The Powerful Effects of Music in Memory Care

Rita Altman, R.N. | Posted 09.23.2013 | Healthy Living
Rita Altman, R.N.

Fortunately, you don't have to be a physician, scientist, memory care specialist, or music therapist to make meaningful connections through music. So dust off that piano or CD player, or better yet, warm up your voice and start singing!

Alzheimer's Caregivers: Taking Vacations Is Possible

Eric J. Hall | Posted 09.07.2013 | Healthy Living
Eric J. Hall

Remember that as a caregiver you deserve time to yourself and that you are doing this to make yourself a better caretaker for your loved one. Not taking care of yourself will only harm your loved one in the end.

10 Critical Tips for Alzheimer's Caregivers

Marie Marley | Posted 07.23.2013 | Fifty
Marie Marley

Being an Alzheimer's caregiver is hard work that requires a lot of knowledge and many skills for getting along and for connecting with the person. Here are some tips to help you out on your caregiving journey.

Caregiving's Lost Generation: The Nation's Children

Sherri Snelling | Posted 07.21.2013 | Healthy Living
Sherri Snelling

When we think of the typical profile of a family caregiver, we don't picture a child of 8 or an awkward teenager -- but as increasing numbers of aging Americans come to need care, more children are stepping in as primary caregivers for a chronically ill or disabled parent, sibling or grandparent.

8 Ways to Spot Your Denial About Dementia

Carol W. Berman, M.D. | Posted 04.03.2013 | Healthy Living
Carol W. Berman, M.D.

At first, denial can be a healthy defense against admitting that your loved one has dementia. Denial helps you block the more painful aspects of reality. However, if denial continues too long, then it can be life-threatening to you and your loved one.

How to Tell If a Loved One Has Dementia

Carol W. Berman, M.D. | Posted 03.25.2013 | Healthy Living
Carol W. Berman, M.D.

If you find yourself faced with these 10 signs of dementia, please get help for your loved one. And seek help for yourself too, so that you can deal with your loved one's illness effectively.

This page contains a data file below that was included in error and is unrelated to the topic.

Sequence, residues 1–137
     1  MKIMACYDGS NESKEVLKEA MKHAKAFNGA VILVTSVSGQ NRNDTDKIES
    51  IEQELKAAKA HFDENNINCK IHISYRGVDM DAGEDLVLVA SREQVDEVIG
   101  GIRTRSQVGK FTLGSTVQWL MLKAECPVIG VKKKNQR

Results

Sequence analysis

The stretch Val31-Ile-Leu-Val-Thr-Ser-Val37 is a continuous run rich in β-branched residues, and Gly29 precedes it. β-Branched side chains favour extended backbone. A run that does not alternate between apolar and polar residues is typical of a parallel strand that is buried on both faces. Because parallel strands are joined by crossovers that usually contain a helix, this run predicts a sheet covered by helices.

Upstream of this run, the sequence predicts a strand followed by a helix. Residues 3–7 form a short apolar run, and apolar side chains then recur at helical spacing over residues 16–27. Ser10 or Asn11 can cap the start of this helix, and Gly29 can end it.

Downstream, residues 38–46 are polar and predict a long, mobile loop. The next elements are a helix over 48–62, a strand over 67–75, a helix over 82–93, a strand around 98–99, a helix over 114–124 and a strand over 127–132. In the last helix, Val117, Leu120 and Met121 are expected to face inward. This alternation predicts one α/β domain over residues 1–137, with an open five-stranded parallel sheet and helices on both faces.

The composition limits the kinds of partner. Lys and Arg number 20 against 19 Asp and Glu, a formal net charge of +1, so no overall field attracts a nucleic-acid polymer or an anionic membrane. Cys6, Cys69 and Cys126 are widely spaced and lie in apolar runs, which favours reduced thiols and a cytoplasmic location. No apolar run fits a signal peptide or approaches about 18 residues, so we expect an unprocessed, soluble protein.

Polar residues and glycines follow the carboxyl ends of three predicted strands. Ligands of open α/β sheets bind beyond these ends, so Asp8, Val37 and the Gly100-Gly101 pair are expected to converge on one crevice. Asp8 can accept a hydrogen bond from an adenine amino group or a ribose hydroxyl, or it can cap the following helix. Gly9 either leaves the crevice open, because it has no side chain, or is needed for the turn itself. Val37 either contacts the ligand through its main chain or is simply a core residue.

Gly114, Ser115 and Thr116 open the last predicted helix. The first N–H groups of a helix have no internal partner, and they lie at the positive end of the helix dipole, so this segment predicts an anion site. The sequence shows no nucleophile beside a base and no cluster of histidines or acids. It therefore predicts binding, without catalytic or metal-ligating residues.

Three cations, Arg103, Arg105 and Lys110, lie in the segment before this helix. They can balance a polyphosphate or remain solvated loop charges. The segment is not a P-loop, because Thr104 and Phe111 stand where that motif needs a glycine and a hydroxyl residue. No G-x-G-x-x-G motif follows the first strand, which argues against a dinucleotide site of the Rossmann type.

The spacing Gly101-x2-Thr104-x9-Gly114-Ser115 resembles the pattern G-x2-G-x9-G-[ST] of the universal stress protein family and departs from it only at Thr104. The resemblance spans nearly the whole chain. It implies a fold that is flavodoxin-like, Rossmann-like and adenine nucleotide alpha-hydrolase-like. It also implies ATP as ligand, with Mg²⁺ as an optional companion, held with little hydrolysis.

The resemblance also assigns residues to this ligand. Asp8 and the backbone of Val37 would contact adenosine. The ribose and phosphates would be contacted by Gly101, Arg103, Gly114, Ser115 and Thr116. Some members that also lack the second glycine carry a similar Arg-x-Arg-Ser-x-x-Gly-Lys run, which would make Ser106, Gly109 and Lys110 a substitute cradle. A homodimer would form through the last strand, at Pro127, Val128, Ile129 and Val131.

Moving Toward a Cure While Addressing Care

Eric J. Hall | Posted 10.03.2012 | Healthy Living
Eric J. Hall

This historic report was the product of bipartisan legislation, rare in this Congress, which established an advisory council composed of government and private leaders, and which mandated a national strategy on Alzheimer's disease that would be updated annually.

Four Guidelines to Dealing With Alzheimer's Disease

Dwayne J. Clark | Posted 08.25.2012 | Healthy Living
Dwayne J. Clark

Even the most giving, skilled, and loving family caregiver can get overwhelmed rather quickly. And not every family member is hard-wired to be a caregiver. Lighten up on yourself, and keep your expectations reasonable.

'When We Hear Music, Memories Fill Our Minds': Living With Dementia

Michael Friedman, L.M.S.W. | Posted 07.07.2012 | Healthy Living
Michael Friedman, L.M.S.W.

A concert by the Unforgettables, a unique singing group, makes it clear that there can be a life worth living for people with dementia and their caregivers, and that music and other forms of art have much to contribute to making it so.

Creative Entertainment for People With Early- and Mid-Stage Alzheimer's

Marie Marley | Posted 04.10.2012 | Healthy Living
Marie Marley

All people with Alzheimer's and other dementias need to have entertainment. It's essential to their overall wellbeing. The key to success in providing entertainment is to find activities appropriate for the person's stage of the disease.

Caring For Parents & Kids? You're The Sandwich Generation

AP | By ALICIA CHANG | Posted 01.01.2012 | Los Angeles

LOS ANGELES -- The sun was barely up when Evelyn Volk, bleary-eyed with toothbrush in hand, tossed a pile of clothes into the washing machine, the fir...

A Powerful Tool For Reaching People With Alzheimer's

Leann Reynolds | Posted 10.18.2011 | Healthy Living
Leann Reynolds

A woman with Alzheimer's may look at her elderly husband and not recognize him as her husband because he does not look 35 years old anymore. So if you were to play music from that time period it would speak to her current reality.